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  • Ribomustin
    / Astellas


    Active Ingredient

    Status in Israel
    RX

    Presentation and Status in Health Basket

    Presentation Basket Yarpa Pharmasoft

    Vial

    5 X 25 mg

    partial basket chart 65545 18516

    Vial

    1 X 100 mg

    partial basket chart 67336 18518

    Vial

    5 X 100 mg

    partial basket chart 65550 18517

    Related information


    Dosage

    For intravenous infusion over 30 – 60 min: Infusion must be administered under the supervision of a physician qualified and experienced in the use of chemotherapeutic agents. Poor bone marrow function is related to increased chemotherapy-induced haematological toxicity. Treatment should not be started if leukocyte and/or platelet values dropped to < 3,000/μl or < 75,000/μl, respectively. Monotherapy for chronic lymphocytic leukaemia 100 mg/m² body surface area bendamustine hydrochloride on days 1 and 2; every 4 weeks. Monotherapy for indolent non-Hodgkin’s lymphomas refractory to rituximab 120 mg/m² body surface area bendamustine hydrochloride on days 1 and 2; every 3 weeks. Treatment should be terminated or delayed if leukocyte and/or platelet values dropped to < 3,000/μl or < 75,000/μl, respectively. Treatment can be continued after leukocyte values have increased to > 4,000/μl and platelet values to > 100,000/μl. The leukocyte and platelet Nadir is reached after 14-20 days with regeneration after 3-5 weeks. During therapy free intervals strict monitoring of the blood count is recommended. In case of non-haematological toxicity dose reductions have to be based on the worst CTC grades in the preceding cycle. A 50% dose reduction is recommended in case of CTC grade 3 toxicity. An interruption of treatment is recommended in case of CTC grade 4 toxicity.If a patient requires a dose modification the individually calculated reduced dose must be given on day 1 and 2 of the respective treatment cycle.
    Hepatic impairment: On the basis of pharmacokinetic data, no dose adjustment is necessary in patients with mild hepatic impairment (serum bilirubin < 1.2mg/dl). A 30% dose reduction is recommended in patients with moderate hepatic impairment (serum bilirubin 1.2 – 3.0 mg/dl). No data is available in patients with severe hepatic impairment (serum bilirubin values of > 3.0 mg/dl).
    Renal impairment: On the basis of pharmacokinetic data, no dose adjustment is necessary in patients with a creatinine clearance of > 10 ml/min. Experience in patients with severe renal impairment is limited.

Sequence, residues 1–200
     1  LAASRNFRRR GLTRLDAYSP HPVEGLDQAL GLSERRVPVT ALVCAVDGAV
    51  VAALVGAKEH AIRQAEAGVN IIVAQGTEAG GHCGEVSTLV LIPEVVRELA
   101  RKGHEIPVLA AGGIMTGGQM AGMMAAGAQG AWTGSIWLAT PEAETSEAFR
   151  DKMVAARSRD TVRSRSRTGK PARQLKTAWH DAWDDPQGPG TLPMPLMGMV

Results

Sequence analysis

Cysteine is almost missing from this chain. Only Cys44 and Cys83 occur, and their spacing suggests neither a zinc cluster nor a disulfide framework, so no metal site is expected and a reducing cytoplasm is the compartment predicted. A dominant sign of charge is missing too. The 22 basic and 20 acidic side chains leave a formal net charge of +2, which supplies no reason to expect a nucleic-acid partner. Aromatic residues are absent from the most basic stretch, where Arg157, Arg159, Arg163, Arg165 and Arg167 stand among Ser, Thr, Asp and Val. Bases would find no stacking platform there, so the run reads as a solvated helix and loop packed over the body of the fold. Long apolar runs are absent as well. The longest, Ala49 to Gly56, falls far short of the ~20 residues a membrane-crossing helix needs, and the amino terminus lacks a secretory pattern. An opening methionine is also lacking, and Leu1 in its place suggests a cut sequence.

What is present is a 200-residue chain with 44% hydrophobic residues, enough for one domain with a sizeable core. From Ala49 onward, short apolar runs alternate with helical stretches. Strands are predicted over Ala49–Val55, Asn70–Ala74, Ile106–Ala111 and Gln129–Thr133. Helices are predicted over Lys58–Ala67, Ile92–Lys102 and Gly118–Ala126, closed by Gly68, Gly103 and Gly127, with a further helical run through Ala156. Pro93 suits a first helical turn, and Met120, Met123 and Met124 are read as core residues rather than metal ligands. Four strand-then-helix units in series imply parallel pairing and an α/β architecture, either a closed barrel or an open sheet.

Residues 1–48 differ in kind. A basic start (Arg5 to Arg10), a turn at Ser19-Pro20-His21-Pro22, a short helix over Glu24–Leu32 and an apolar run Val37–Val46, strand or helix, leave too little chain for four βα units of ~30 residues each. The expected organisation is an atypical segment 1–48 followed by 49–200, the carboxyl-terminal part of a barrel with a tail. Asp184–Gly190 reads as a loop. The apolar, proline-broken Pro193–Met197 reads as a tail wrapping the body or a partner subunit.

Paediatric patients: There is no experience in children and adolescents with drug.
    Elderly patients: There is no evidence that dose adjustments are necessary in elderly patients.
    See prescribing information for full details.                 


    Indications

    First-line treatment of chronic lymphocytic leukaemia (Binet stage B or C) in patients for whom fludarabine combination chemotherapy is not appropriate. Indolent non-Hodgkin’s lymphomas as monotherapy in patients, who have progressed during or within 6 months following treatment with rituximab or a rituximab containing regimen.


    Contra-Indications

    Hypersensitivity to the active substance or to any of the excipients. Breast-feeding. Severe hepatic impairment (serum bilirubin > 3.0 mg/dl) Jaundice. Severe bone marrow suppression and severe blood count alterations (leukocyte and/or platelet values dropped to < 3,000/μl or < 75,000/μl, respectively). Major surgery less than 30 days before start of treatment. Infections, especially involving leukocytopenia. Yellow fever vaccination.       


    Special Precautions

    Myelosuppression: Patients treated with bendamustine hydrochloride may experience myelosuppression. In the event of treatmentrelated myelosuppression, leukocytes, platelets, haemoglobin, and neutrophils must be monitored at least weekly. Prior to the initiation of the next cycle of therapy, the following parameters are recommended: Leukocyte and/or platelet values > 4,000/μl or > 100,000/μl, respectively.
    Infections: Infection, including pneumonia and sepsis, has been reported. In rare cases, infection has been associated with hospitalization, septic shock and death. Patients with neutropenia and/or lymphopenia following treatment with bendamustine hydrochloride are more susceptible to infections. Patients with myelosuppression following bendamustine hydrochloride treatment should be advised to contact a physician if they have symptoms or signs of infection, including fever or respiratory symptoms.
    Skin reactions: A number of skin reactions have been reported. These events have included rash, toxic skin reactions and bullous exanthema. Some events occurred when bendamustine hydrochloride was given in combination with other anticancer agents, so the precise relationship is uncertain. Where skin reactions occur, they may be progressive and increase in severity with further treatment. If skin reactions are progressive, bendamustine should be withheld or discontinued. For severe skin reactions where a relationship to bendamustine hydrochloride is suspected, treatment should be discontinued.
    Patients with cardiac disorders: During treatment with bendamustine hydrochloride the concentration of potassium in the blood must be closely monitored and potassium supplement must be given when K+ <3,5 mEq/l, and ECG measurement must be performed.
    Nausea/ vomiting: An antiemetic may be given for the symptomatic treatment of nausea and vomiting.